November 22, 2007 | Commentary on International Organizations
How refreshing. After years of this man's odious and idiotic
ranting on the international stage, someone finally told Venezuelan
President Hugo Chavez to put a sock in it. At last week's
Ibero-American summit in Santiago, Chile, King Juan Carlos of Spain
was outraged by Mr. Chavez's attacks on former Spanish Prime
Minister Jose Maria Aznar as a "fascist." The king angrily told Mr.
Chavez "Why don't you just shut up!" Yes, indeed. It would have
been nice if someone had told Mr. Chavez to "shut up" when he
called President Bush "the devil" at the U.N. General Assembly last
year. It is past time the international community starts
challenging Mr. Chavez's shenanigans.
The fact is that the Venezuelan president is not just a clown, but he is a dangerous one. One observer characterized him as a malignant narcissist, a category that would probably also fit Adolf Hitler, whose name is too often taken in vain, but in this case it seems to fit. Everything is about being the center of attention, about them and their power, and they are willing to sacrifice the future of a nation for it.
Because of Mr. Chavez, the United States is now challenged in the Southern Hemisphere as it has not been since the fall of Communism. In fact, the Venezuelan strongman is promising to restore Communism, denouncing free-market capitalism as a failure. Over the past eight years, he has been taking inspiration from the example of Fidel Castro, and not only that, but he is himself inspiring Bolivia's President Evo Morales and others to follow in his footsteps. The Chavez revolution, though, has been a gradual process, which has allowed it to remain out of the focus of the international community.
It does not take much to see that what Mr. Chavez is selling is snake oil, an illusion mainly built on Venezuela's oil wealth, not on any alternative economic model. Venezuelans are no better off; the economy is in shambles; and citizens have lost important political freedoms. Venezuela no longer has an independent judiciary, nor does it have a free press or viable political opposition. All power is centered around the increasingly authoritarian presidency.
Ironically, after 50 years of Communism, the impoverished people of Cuba are longing for change. According to a poll just released by the International Republican Institute, more than 70 percent of Cubans believe a free-market economy would deliver a better life for them. Venezuelans, however, are still buying a bill of goods, and many of them love it when their leader stands up to more powerful countries like Spain and the United States.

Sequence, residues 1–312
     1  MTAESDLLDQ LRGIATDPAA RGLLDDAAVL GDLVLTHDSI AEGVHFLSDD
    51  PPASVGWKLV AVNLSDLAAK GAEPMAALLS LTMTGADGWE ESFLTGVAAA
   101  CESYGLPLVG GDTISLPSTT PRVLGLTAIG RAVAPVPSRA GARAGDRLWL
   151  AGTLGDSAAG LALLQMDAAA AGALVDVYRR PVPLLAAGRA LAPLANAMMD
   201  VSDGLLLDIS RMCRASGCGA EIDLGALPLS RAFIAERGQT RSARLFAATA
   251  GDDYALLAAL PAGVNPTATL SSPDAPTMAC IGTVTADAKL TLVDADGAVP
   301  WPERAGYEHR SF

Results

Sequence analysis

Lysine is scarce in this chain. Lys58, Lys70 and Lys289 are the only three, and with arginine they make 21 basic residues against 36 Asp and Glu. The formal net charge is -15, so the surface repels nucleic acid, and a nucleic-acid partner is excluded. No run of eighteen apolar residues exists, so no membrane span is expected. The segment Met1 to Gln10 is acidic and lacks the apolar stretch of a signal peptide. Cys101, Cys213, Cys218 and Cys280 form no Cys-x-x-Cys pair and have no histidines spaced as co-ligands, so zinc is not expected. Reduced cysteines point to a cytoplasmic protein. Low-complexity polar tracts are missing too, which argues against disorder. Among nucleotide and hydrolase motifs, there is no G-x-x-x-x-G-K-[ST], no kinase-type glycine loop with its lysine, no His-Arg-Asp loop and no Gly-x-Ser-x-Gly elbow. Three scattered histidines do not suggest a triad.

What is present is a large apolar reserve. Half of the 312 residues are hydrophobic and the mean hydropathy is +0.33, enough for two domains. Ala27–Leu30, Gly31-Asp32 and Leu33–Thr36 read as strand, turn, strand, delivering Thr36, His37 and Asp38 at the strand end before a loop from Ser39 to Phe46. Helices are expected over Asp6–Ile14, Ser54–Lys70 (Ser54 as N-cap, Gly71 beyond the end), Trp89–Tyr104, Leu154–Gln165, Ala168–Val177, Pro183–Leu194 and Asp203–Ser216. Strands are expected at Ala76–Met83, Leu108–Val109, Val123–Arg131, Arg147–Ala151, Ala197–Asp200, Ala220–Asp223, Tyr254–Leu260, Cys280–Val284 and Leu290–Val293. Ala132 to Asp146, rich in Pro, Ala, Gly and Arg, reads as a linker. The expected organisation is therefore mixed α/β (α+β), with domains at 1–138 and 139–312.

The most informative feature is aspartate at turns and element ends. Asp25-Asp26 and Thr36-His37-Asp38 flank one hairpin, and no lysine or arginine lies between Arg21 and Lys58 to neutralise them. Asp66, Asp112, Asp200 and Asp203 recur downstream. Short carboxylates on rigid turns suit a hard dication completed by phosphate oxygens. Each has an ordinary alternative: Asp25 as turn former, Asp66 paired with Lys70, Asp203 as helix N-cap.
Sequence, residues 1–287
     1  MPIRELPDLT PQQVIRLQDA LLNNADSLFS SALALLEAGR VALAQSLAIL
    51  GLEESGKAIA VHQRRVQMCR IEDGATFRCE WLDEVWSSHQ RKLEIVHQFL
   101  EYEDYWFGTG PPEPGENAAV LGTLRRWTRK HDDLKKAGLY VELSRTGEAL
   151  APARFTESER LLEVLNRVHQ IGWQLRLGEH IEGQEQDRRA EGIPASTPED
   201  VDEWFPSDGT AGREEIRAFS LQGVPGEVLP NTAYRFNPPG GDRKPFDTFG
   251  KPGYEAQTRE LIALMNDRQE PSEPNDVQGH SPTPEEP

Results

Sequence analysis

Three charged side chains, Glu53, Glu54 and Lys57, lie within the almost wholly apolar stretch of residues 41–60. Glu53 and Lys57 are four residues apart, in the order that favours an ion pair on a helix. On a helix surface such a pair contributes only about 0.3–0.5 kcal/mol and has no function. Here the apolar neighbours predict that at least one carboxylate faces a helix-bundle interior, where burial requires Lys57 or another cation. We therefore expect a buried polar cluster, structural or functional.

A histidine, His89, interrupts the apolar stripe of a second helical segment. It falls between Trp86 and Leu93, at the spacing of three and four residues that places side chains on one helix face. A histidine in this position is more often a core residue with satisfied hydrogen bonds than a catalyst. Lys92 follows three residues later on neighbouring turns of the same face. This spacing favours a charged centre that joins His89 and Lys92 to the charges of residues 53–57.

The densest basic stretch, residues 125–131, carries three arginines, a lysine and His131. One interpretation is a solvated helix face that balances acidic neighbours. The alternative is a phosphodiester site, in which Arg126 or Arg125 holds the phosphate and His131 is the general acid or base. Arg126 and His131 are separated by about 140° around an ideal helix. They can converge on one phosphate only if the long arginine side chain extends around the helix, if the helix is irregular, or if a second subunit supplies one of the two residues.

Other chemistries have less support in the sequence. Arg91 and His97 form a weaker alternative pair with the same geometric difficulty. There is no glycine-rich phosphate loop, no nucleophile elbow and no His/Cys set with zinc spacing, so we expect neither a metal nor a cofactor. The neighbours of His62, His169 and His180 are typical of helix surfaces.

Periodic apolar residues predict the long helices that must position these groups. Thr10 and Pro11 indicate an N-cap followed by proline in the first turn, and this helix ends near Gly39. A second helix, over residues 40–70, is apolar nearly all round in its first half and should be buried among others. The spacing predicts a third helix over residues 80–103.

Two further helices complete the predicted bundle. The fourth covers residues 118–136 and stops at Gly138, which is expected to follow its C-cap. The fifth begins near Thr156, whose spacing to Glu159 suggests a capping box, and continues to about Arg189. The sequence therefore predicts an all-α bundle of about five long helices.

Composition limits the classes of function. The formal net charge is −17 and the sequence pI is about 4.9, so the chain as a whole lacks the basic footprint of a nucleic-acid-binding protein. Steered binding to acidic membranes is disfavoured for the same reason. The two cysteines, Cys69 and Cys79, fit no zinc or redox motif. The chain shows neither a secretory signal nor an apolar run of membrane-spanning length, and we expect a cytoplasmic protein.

In fact, on Dec. 2, the world might well hear the death knell for Venezuelan democracy. On that day, voters will go to the polls to mark their ballot in a constitutional referendum that would give Mr. Chavez even more sweeping powers. In addition to the oil industry, Mr. Chavez will also control the central bank. He will be able to override the parliament on political nominees. And he will be able to declare an indefinite "state of emergency." At a strapping 52 years of age, Mr. Chavez could be with us almost as long as Mr. Castro.
If the Venezuelans vote in favor, or if the results are fixed (as they are likely to be), Mr. Chavez will have perpetrated a constitutional coup that is likely to be emulated in Bolivia and elsewhere in the region.
There is, however, opposition growing in Venezuela to his frontal assault on political liberties. Student demonstrations in recent weeks in the center of Caracas have shown defiance against the regime that is truly encouraging. How long they will be allowed to go on is a different matter.
So far, the U.S. government has treated Venezuela mostly as an annoying public diplomacy problem. It is more than that, however. It is a national security problem. Mr. Chavez's ambitions and resources extend his influence. Venezuela's oil wealth gives him the means to build alliances, aimed at forcing American companies and political influence out. He is seeking to build strategic alliances not just in the Caribbean, but also with China, Iran and North Korea - and anyone else who wants to make common cause against the United States. During his rule, Venezuela has also become one of the principal transit points for drugs headed to the United States. In the 1930s, Europe and the United States treated Hitler as a bad joke. We should not make that mistake again.
Helle Dale is director of the Douglas and Sarah Allison Center for Foreign Policy Studies at the Heritage Foundation.
First appeared in the Washington Times